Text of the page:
Collaboration Corner: Developing an IEP with C.A.R.E.

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How can we make goal-writing and individualized education programs less daunting?  Recently I wrote an article for the upcoming March volume of SIG 16 Perspectives. I took the literature and combined it with what, in my experience working in public schools, makes the process collaborative.  Since I’m a visual person, I drew a model:

 

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So as you sit down as a team to write your next IEP, you may want to consider these four parts:

Context:

I apologize to those of you who have heard this from me before, but I can’t stress enough how important it is to remember that language is everywhere. Aside from basic artic goals, we really can embed our goals under most curriculum areas. Look to see how your speech and language targets may actually fit across other areas such as math (descriptive/comparative language), history (explain/describe/narrate), and science (using temporal language to order steps in a process, vocabulary).  If our ultimate goal is generalization, then it is logical to think broadly, holistically.

 

Assessment

Assessment doesn’t happen just at IEP time, it should be ongoing. If an IEP is collaborative, then data can be collected from a variety of general education activities and speech and language activities. Don’t reinvent the wheel; look at the assessments the general education teacher is giving your students and either analyze their findings or offer to provide the assessment. This is not extra work; it helps to inform your intervention. Recently I helped a Kindergarten teacher with a dictation assessment, and was it ever so enlightening!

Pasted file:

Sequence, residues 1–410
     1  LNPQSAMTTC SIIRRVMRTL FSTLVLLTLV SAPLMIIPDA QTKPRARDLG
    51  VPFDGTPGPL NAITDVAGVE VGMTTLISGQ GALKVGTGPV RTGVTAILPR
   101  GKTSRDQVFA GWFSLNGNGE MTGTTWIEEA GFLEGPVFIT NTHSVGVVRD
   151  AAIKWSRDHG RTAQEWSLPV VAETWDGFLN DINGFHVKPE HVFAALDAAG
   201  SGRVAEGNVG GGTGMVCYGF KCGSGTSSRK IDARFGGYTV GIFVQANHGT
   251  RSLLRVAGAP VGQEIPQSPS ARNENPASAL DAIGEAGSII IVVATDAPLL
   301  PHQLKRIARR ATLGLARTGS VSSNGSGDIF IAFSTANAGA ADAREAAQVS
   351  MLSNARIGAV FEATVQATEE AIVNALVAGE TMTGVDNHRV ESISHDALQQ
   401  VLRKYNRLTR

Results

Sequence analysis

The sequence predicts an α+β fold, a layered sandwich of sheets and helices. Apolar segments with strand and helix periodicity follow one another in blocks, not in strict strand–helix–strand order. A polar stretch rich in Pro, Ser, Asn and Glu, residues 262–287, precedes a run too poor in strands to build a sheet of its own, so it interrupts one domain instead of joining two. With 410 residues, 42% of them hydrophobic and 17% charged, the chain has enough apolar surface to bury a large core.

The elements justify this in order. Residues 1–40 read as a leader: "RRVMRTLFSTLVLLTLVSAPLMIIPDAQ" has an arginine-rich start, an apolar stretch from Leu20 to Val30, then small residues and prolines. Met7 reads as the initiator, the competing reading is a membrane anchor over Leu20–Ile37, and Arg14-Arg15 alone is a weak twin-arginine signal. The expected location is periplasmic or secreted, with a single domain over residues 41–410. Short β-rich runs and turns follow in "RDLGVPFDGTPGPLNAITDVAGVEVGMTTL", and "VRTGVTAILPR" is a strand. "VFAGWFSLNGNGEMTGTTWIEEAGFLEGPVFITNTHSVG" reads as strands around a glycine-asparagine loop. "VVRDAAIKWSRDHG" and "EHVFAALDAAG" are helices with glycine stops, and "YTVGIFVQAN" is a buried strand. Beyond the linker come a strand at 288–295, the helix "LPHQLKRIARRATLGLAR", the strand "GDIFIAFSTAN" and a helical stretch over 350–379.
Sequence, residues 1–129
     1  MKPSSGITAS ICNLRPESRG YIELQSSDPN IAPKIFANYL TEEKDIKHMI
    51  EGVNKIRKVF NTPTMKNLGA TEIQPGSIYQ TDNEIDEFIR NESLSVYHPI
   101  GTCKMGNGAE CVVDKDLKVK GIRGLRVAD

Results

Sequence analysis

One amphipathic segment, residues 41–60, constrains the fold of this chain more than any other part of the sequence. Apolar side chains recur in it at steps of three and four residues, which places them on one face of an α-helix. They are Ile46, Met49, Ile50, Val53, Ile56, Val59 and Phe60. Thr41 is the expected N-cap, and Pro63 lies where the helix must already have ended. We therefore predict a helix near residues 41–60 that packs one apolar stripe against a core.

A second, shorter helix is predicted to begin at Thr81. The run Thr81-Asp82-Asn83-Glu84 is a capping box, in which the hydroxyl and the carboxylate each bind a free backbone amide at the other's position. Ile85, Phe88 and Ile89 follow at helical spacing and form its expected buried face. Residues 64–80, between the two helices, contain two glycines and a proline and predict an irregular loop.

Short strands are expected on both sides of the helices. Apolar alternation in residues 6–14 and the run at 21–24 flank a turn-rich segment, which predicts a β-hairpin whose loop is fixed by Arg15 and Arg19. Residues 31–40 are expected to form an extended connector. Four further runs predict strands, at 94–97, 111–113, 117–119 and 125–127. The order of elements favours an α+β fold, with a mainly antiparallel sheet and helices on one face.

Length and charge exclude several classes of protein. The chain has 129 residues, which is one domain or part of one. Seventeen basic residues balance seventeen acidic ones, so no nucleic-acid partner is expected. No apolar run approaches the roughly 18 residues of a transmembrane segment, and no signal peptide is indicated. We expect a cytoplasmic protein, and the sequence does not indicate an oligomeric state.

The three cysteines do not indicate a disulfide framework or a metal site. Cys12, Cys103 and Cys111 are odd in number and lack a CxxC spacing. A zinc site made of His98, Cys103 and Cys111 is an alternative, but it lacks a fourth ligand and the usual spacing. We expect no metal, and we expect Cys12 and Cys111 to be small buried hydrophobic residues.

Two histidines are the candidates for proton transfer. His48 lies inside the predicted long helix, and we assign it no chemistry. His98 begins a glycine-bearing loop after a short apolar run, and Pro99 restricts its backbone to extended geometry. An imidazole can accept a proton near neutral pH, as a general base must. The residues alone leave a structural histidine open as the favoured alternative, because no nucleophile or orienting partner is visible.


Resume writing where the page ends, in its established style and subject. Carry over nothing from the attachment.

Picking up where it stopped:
Review & Reflect

Review your approach honestly; reflection is how we, as practitioners, learn and grow (Tagg, 2007). Since we have very little time in our crazy professional lives, this often falls by the wayside. As related service providers, we need to find time to discuss what we are seeing, and consult with teachers on how this can translate academically. In some cases, this may mean including in the IEP that the team will meet every certain number of weeks, to discuss and update one another on the student’s current performance.

Extend

Think about how to create goals that can extend beyond the immediate environment. For the majority of the students who I see, I am constantly looking for ways to connect academics with independence. A student learning math and money, for example, may need a trip to the store. A student working on following directions may bring a list to the store and come back to follow a recipe. These kinds of experiences make the abstract become concrete.

C.A.R.E is about creating a smooth, efficient and collaborative IEP process. This way we can move on from the paperwork part, and get back to the business of intervention and academic success. For more detailed information, please keep an eye out for my article entitled, “Autism in the schools: IEP best practices at work,” coming out in the next SIG 16 Perspectives issue.

Kerry Davis, EdD, CCC-SLP, is a city-wide speech-language pathologist in the Boston area. Her areas of interest include working with children with multiple disabilities, inclusion in education and professional development. The views on this blog are her own and do not represent those of her employer. Dr. Davis can be followed on Twitter at @DrKDavisslp.

Tips to Wrangle Your Most Unruly Speechies

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At the beginning of each school year, I have great expectations that this year is the year that all my little speechies are going to manage their behavior well in my treatment room with minimal incentives on my end. So much for great expectations. Because, of course, every year, I’m presented with new challenging behaviors to tackle because we educators know that “all kids are unique and different.”

Just when I think I have mastered all that I need to know about behavior management, one my little sweet speechies decides to bring a new unpleasant behavior into my speech room.

The good news is, I have learned much about managing these behaviors, both in the school setting and at home—from raising two little ones! These are my tips for keeping your therapy room calm and productive: